danielcmalloy

“Do not store up for yourselves treasures on earth, where moths and vermin destroy, and where thieves break in and steal.But store up for yourselves treasures in heaven, where moths and vermin do not destroy, and where thieves do not break in and steal.For where your treasure is, there your heart will be also.


JESUS

tfdrumm
tfdrumm

"Wealthy" means having control over one's own time.  Money is sometimes a factor in this, but not necessarily.

tfdrumm
tfdrumm

"Wealthy" means having control over your own time.

RunningWriting
RunningWriting

Someone with $500,000 or $1 million in assets is definitely well-off. But I'd hardly call them wealthy. Even those people are one disaster away from financial ruin, often because of a serious medical illness/accident combined with unemployment. If the breadwinner gets cancer or another debilitating condition and can no longer work, the family will learn pretty quickly that $1 million doesn't last that long.

Or an investment could go very bad and wipe out the finances of the family. This happened to many people during the financial meltdown of 2007-2008.

I wouldn't feel truly comfortable unless I had $10-20 million, at least. (FYI: I don't have $10 million myself.) I've read about many upper middle-class people struggling after a serious setback. You certainly can't retire on $1 million in assets.

ruhling7
ruhling7

Ron Blue, a CPA SPECIALIZING in MILLIONAIRES, told a group of Christian businessmen that his clients all wanted to know how much more they needed to be secure! Bill Gothard (IBLP) speaker says TRUE SECURITY is basing one's life on things that are eternal and cannot be taken from you. Health is one dimension of it and except for good food, it doesn't cost money. http://ChooseABetterDestiny.com

RogerMKE
RogerMKE

People need to realize is that once your basic needs are covered, wealth is a relative thing.  People tend to feel poor if those around them have more than they do.

A middle class family in America may not feel wealthy, but the reality is that they live far better lives than even the wealthiest of people ever did throughout most of human history.  We have heat, air conditioning and electric lights.  Plumbing means we don't have to use bed pans in the middle of the night.  Half our children don't die before age 5.  We have longer lifespans, and treatments for common ailments like cavities and broken bones.  We don't have marauding bands of barbarians burning our villages to the ground every few years.  We have television, the Internet, smart phones, and GPS systems in our cars.  We can fly somewhere for a vacation in hours, rather than than spending weeks on a ship or riding a horse.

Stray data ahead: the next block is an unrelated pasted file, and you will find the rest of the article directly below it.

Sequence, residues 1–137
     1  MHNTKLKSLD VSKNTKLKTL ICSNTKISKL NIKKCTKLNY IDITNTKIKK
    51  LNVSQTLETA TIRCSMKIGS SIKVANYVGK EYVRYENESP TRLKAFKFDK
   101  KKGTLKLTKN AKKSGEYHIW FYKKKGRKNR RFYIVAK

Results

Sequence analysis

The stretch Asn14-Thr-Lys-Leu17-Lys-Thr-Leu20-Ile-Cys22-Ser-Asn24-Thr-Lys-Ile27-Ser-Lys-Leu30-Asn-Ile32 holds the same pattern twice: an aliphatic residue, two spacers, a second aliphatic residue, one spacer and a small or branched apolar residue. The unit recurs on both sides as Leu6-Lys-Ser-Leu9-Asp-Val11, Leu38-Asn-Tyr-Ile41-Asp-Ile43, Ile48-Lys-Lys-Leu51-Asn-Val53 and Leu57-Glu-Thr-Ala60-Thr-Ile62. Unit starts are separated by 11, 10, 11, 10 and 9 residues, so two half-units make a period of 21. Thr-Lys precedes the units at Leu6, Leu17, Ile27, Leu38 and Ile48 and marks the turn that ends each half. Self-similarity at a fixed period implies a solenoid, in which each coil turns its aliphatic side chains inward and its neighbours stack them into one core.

So yes, maybe your neighbor has a BMW and vacations in Europe every year while you drive your pickup truck to the campground, but just be happy that you are middle class in 2013 and not wealthy in the year 1500.

RichardSlinniare
RichardSlinniare

The difference between wealthy and lower middle class workers is that lower middle class workers aren't scheming ways to keep wages lower than wealthy people.

Both Democrat & Republican politicians have failed the working class by rescinding or amending employee labor laws which allows BIG Businesses to greatly benefit from reduced employee protection due the working class for medical, sick, vacation, holidays and wage benefits. Why can Big Businesses eliminate a department by reclassifying it with a new department/job title and then force an already member of their company to reapply for the same job with a falsely claimed lay off, this is WRONG. Politicians from both parties can enact a law to protect employees from this unjustified lay off. Shame on both political parties for allowing BIG Businesses to reduce wages in this manner. The term lay off should only apply if the job NO longer exists and not by reclassification of a department or job title.

Hence, the false lay off practice should have politicians up in arms enacting new employer labor laws making it a CRIME and ILLEGAL to falsely eliminate a job or department title and offer a reclassified job as the same job, even if they add one or several new job requirements, the job is overall the same. Our Government sorely needs a new federal labor law enacted to PROTECT long term employees from this deceptive lay off practices by unscrupulous employers. In addition to this new labor law... Employers can not require employee(s) to reapply for the 'same work' reclassified job or re-titled department, since they are already an employee of said company. Companies must offer them the new job without lay offs or lost scaled wages earned by a senior employee. There is something seriously wrong with our politicians... politicians who side with unscrupulous big businesses that practice laying off their employees falsely without just cause. Politicians have become as corrupt as their unscrupulous business friends, who have perfected this deceptive wage reduction loop hole against NON-UNION employees.